With Archbishop Broglio, US Bishops Choose Unity
EDITORIAL: With the election of the former diplomat and current shepherd of the Archdiocese for the Military Services to serve as conference president, the bishops have a leader who is well poised to continue to build unity among the U.S. episcopacy and with the Holy See.
When Archbishop José Gomez was asked last week to reflect on his most important accomplishment as president of the U.S. Conference of Catholic Bishops, the Los Angeles prelate chose to speak about fostering greater unity among the U.S. episcopacy.
It might have seemed like a surprising thing to highlight. Archbishop Gomez’s presidency, after all, included public moments of infighting among the bishops, from Chicago Cardinal Blase Cupich’s public criticism of the conference over its statement marking President Joe Biden’s 2021 inauguration to particularly heated exchanges during the USCCB’s June 2021 General Assembly over the question of barring pro-abortion politicians from Communion.
But permitting long-festering divisions in the conference to come to light allowed the bishops, under Archbishop Gomez’s leadership, to address them. Measures like holding closed-door sessions at the conference’s general assembly, crafting a Eucharistic coherence document that received near-unanimous approval, and even, as we saw last week in Baltimore, holding fraternal dialogues around circular tables have all fostered a greater sense of brotherhood among the U.S. bishops.
Now, in electing Archbishop Timothy Broglio of the Archdiocese for the Military Services as their next USCCB president, the bishops have chosen a successor to Archbishop Gomez who is distinctly suited to build upon these renewed foundations of episcopal unity.
Much is being made about Archbishop Broglio’s experience as a member of the Vatican’s diplomatic corps, and rightfully so. In that capacity, Archbishop Broglio learned and employed the subtle art of strategic dialogue, maintaining relations while pursuing key objectives. Additionally, his recent experience as secretary of the USCCB likely yielded a deep familiarity with the way the conference works and how it can be led effectively.
Geography also matters. As archbishop of the Archdiocese for the Military Services, with headquarters located less than a mile from the USCCB in Washington, D.C., Archbishop Broglio is in a position to exercise more direct oversight over conference staff, ensuring that the various focus areas and objectives of the USCCB work hand in hand, not at cross-purposes. Additionally, his role as pastor of Catholics in the U.S. military spread out across the country (and the world) gives Archbishop Broglio the opportunity to travel to different dioceses, learning more about the situation in different local Churches, and forging relationships with his brother bishops.
The archbishop is clearly aware of the continued need to foster ecclesial unity. In an interview with Catholic journalist Michael Heinlein, he described this as “a primary concern” as he takes the reins of the USCCB and said he aims to encourage dialogue and bring the bishops together.
But Archbishop Broglio’s leadership style will not simply be a case of employing dialogue for dialogue’s sake or content-less management bereft of doctrinal concerns. Instead, he was likely picked by his brother bishops as a figure of unity precisely because of his theological and pastoral emphases. His election represents an affirmation of the steady, unflashy but unwavering doctrinal orthodoxy that characterizes much of the U.S. episcopacy. His commitment to the pro-life cause, his love of the Eucharist and his no-nonsense approach to the sex-abuse crisis are not incidental to his capacity to unite and lead the USCCB. They are integral to it.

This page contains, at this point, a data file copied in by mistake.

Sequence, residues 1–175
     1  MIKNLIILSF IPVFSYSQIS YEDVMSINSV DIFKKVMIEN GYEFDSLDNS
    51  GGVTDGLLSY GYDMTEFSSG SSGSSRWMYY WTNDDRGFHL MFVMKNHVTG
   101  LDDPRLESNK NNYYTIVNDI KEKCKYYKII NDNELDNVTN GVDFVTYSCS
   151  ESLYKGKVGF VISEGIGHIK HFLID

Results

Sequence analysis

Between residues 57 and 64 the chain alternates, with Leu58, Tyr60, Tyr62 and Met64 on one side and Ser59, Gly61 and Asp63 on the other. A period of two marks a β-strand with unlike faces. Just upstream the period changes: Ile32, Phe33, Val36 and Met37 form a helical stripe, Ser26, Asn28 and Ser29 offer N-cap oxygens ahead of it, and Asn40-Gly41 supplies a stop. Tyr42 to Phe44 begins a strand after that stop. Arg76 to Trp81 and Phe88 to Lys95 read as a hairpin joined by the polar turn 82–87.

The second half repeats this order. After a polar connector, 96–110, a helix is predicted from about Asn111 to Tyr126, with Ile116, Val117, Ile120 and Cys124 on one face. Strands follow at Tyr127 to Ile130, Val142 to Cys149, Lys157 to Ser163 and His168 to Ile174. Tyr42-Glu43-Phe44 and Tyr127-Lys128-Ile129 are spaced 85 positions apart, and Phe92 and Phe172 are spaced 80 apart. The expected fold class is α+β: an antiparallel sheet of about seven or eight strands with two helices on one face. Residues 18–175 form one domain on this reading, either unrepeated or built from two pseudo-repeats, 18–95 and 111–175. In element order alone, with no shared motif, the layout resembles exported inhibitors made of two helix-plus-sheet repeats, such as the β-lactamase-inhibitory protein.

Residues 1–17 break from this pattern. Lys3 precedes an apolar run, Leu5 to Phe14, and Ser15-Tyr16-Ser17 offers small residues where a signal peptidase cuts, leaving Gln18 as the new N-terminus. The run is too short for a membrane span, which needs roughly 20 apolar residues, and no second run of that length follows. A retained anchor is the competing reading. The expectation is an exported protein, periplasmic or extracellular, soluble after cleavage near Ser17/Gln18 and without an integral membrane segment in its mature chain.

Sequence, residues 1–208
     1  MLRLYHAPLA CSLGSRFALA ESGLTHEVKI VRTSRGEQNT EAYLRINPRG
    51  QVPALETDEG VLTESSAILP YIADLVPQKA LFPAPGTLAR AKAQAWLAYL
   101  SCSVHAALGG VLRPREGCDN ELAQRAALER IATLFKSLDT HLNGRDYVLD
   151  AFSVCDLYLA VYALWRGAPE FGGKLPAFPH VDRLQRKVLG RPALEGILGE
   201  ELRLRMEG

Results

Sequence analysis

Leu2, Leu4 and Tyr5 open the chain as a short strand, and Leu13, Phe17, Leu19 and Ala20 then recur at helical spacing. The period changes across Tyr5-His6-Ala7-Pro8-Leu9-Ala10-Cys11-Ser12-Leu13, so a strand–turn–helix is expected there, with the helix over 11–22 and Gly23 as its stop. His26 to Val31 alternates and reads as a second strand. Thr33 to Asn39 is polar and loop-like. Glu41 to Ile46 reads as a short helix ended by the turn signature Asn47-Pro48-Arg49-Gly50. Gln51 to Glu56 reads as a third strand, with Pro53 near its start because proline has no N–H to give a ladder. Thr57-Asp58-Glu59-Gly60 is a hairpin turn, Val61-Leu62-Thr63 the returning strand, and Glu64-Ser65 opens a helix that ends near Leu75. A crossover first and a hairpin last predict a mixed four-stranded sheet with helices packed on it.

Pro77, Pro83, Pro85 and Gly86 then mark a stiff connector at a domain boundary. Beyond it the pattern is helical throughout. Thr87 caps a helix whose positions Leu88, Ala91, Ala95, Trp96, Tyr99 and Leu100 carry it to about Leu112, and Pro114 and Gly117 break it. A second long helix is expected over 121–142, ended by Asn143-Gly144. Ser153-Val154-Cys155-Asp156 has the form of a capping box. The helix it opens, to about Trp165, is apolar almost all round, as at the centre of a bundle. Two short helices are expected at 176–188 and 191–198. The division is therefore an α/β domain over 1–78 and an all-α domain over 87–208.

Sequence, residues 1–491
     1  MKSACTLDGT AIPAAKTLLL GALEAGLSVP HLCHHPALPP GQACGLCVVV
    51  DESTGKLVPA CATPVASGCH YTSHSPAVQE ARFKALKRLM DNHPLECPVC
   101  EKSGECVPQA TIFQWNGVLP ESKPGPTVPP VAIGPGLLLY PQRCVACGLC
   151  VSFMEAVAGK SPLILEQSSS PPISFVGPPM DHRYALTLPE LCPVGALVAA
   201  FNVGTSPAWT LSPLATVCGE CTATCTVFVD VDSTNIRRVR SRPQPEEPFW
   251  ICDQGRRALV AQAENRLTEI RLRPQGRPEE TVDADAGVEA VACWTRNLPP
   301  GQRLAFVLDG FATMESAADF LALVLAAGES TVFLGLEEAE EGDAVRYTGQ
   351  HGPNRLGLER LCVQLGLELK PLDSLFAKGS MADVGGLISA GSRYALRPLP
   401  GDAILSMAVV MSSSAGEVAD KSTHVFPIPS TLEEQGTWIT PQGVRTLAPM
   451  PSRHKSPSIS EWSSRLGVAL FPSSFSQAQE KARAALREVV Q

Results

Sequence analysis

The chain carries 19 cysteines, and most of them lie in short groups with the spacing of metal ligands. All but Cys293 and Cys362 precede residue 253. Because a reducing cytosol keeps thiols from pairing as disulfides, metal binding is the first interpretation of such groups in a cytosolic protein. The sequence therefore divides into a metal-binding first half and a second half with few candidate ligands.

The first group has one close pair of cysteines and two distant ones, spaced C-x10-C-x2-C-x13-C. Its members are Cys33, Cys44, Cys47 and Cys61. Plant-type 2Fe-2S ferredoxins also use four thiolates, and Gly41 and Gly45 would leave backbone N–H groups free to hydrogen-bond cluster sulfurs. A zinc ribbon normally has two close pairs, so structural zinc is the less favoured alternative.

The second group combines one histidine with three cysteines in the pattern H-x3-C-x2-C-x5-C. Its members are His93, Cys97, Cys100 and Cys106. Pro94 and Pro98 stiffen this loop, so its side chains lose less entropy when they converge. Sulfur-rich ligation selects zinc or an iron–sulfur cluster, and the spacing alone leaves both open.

There’s good reason to think that Archbishop Broglio will also foster unity between the Church in the U.S. and the Holy See. No recent USCCB president has known the dynamics of the Vatican better than the archbishop, a former apostolic nuncio and staff member of the Holy See’s Secretariat of State. Furthermore, after having spent such a significant amount of time in Rome, Archbishop Broglio is still reportedly loved and respected by everyday staff at the Vatican.
Some media figures have sadly sown division by attempting to portray Archbishop Broglio as “anti-Francis,” with little to no basis for the claim. In fact, it is these agenda-driven attacks that have fabricated a dichotomy between the U.S. bishops and the teaching and vision of the Holy Father.
Pope Francis has made a point to advance “healthy decentralization” in the Church by giving greater responsibilities to episcopal conferences in limited cases. The new apostolic constitution issued by the Holy Father, Predicare Evangeliam, has also been described as presenting episcopal conferences as “bodies of subsidiarity” that “express and foster the exercise of ‘co-responsibility in the communio.’” By discerning the specific challenges facing the U.S. Church and society and electing a candidate well-suited to meet them, the bishops are demonstrating greater fidelity to Pope Francis’ vision than if they had picked a conference president who simply regurgitated Vatican talking points.
American society is rife with division, and it has taken its toll on ecclesial life. With Archbishop Broglio at the helm of the USCCB, we should expectantly hope for a continued deepening of unity in the U.S. Church in the years ahead.